The Aesthetics

Football has no place within the much debated world of aesthetics.

Actually, this could be considered a faulty or incorrect statement. Let’s try it again.

Football exists very tenuously within the realm of aesthetics.

Books have been written about this, columns have been written about this, tomes by intelligent men and women exist on the ideals of football.

Where does the abstraction of the team fall between the idealistic vision of “The beautiful game” and the current vision of what it takes to win in MLS?

The vision currently is thus, while MLS has taken strides towards an existence within the realm of the 4-3-3, the tempo pass, the creative midfielder, it still exists within the proposal of the 4-4-2, or (providence forbid) the Catenaccio. While certainly not many, or really any teams in MLS play with a full sweeper behind the back four, overload one side (preferably the right) push up the field and attempt to cynically disrupt the offense to counter attack, there is a certain current methodology towards winning MLS cup.

The current back-to-back champions of MLS have indicated this with the almost Italian philosophies of Bruce Arena and LA Galaxy. Bruce sets up a star powered team to play on the counter attack, inviting pressure upon the Galaxy and dictating the game with a deep lying creative midfielder (now gone) to play the ball up the field to streaking forwards. There is a reason why seemingly the Galaxy play tight and then seem to open up the game with late goals. They invite play through the middle, to their defensive side and frustrate their opponents leading to their opposition pushing more players into the attack. Then the hammer blow comes down as the midfield and full-backs are caught up field with only a center-back left to protect.

There is also a reason (or few reasons) why Galaxy were poor at the beginning of the season and started to play well later. Many fans point towards Robbie Keane’s form in the second half of the season after returning from the Euro’s, almost as though he had flipped a “Give-A-Shit” button. However, one can merely look at the rock of stability in Omar Gonzalez and the solidifying of LA’s defense through the addition of the “Should have been 2011 MLS MVP” to the back line. With Juninho covering in the midfield and the fluctuation passion of a disinterested Landon Donovan, the 2012 Galaxy eventually morphed into a version of a team that was reminiscent of the 2011 Galaxy team in terms of effectiveness.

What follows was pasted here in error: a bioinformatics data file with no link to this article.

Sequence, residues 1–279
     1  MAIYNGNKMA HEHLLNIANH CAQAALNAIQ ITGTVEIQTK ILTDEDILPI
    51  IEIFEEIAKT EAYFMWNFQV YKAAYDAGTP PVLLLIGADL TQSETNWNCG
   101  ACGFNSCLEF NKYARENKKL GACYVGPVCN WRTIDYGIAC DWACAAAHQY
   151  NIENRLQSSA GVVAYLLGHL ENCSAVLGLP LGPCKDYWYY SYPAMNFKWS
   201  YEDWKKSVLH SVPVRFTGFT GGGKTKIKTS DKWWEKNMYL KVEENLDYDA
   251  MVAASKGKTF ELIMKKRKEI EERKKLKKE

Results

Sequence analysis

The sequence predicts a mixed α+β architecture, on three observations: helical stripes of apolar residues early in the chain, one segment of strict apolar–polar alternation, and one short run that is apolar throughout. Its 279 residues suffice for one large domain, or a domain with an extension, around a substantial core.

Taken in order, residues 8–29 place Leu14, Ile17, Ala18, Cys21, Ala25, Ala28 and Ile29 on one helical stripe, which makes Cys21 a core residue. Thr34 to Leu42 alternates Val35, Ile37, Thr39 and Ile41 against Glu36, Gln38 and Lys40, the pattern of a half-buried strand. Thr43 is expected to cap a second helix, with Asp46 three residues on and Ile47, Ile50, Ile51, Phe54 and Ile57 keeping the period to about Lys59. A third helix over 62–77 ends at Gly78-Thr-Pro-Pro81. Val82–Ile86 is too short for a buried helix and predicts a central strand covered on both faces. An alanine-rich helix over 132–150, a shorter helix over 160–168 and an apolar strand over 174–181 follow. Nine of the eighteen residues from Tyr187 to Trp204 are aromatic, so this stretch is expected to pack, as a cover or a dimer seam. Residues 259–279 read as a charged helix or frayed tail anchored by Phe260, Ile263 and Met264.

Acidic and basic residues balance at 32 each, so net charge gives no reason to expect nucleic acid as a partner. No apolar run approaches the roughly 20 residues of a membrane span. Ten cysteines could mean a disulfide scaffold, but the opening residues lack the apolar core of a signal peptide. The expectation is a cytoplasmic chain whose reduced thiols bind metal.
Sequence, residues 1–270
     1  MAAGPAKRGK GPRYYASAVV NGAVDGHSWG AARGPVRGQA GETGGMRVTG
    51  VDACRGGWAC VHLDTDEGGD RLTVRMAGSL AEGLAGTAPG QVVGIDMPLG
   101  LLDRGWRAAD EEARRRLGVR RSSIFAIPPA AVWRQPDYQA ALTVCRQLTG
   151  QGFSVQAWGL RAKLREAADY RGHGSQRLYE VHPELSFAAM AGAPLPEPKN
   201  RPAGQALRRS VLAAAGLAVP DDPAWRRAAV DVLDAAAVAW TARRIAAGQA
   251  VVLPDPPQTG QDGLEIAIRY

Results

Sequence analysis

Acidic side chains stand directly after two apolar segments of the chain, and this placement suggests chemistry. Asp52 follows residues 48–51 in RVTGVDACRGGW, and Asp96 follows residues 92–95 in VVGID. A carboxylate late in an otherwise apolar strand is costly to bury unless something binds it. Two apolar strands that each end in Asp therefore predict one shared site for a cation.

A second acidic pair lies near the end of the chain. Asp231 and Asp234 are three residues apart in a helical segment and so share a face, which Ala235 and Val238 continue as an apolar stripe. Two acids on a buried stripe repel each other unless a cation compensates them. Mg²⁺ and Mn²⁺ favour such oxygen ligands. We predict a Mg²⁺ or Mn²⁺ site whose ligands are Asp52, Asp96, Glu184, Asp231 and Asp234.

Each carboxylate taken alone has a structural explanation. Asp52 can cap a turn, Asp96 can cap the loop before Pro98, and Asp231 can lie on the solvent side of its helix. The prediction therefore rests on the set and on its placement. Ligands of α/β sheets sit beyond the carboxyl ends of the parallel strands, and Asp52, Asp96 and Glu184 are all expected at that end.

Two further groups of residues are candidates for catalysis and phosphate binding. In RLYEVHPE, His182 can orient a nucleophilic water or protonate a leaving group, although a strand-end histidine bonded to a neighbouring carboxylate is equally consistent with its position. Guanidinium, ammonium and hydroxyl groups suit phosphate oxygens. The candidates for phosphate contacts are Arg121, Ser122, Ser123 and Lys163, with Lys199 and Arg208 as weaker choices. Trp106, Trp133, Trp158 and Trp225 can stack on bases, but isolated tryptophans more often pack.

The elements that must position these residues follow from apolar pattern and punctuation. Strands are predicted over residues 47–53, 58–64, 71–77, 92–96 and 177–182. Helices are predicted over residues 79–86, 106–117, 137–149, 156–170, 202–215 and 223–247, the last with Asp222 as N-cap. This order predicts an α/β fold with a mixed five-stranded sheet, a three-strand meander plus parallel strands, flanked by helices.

LA plays a bizarre version of possum as they press and retreat. As well, Bruce Arena doesn’t just stick with one particular style. Reacting against the opponent they will at times shorten the field by moving the back line up (as they did against Seattle to great effect) which makes the field much smaller to play within. This has the effect of increasing the need for “touch” players for the opposition, something which is lacking in a general sense within MLS. When shortening the field, the midfield and defense of LA is given a shorter path to pressure the ball, enabling them to spring the attack quicker into the opposition end. With quality in defense and counter-attack, the Galaxy used the not-so-great ball outlet of Christian Wilhelmsson who frequently ran the touchline as a pressure valve.

Now, this works when you have David Beckham receiving the ball and pinging passes to all-star players like Landon Donovan and Robbie Keane. This move also fails more often than not when you have David Beckham receiving the ball and pinging passes to players like Chad Barrett and Adam Cristman.

Houston themselves play within the realm of a 4-4-2, and play with a sense of positional discipline that would make Roy Hodgson pleasure himself repeatedly. They are underrated in the league within the realm of movement, fluidity and passing as they do attempt to play the ball. Paramount for Houston, though, is defensive rigidity, responsibility and ability. They play tough through the middle of the field, hitting anything that moves with slight shoulders, grabs and challenging headers. This kind of defensive presence through the midfield often leads to ugly games as typically teams within MLS are more than happy to mix it up physically.

What all this brings us to is the amazing challenge that Caleb Porter has taken on in Portland. He steps into a world that currently revolves around “two-banks-of-four” Houston Dynamo and “Catenaccio light” LA Galaxy.

Certainly there has been some success within the league with teams that attempt to play the ball “see: Real Salt Lake and Miami Fusion”. However, even Real Salt Lake hasn’t had unmitigated success playing the pass and move game within the confines of MLS. Their win within MLS cup came during their transition to playing on-the-ground/passing football and came two years after Jason Kreis was put in charge to change the direction of the new team.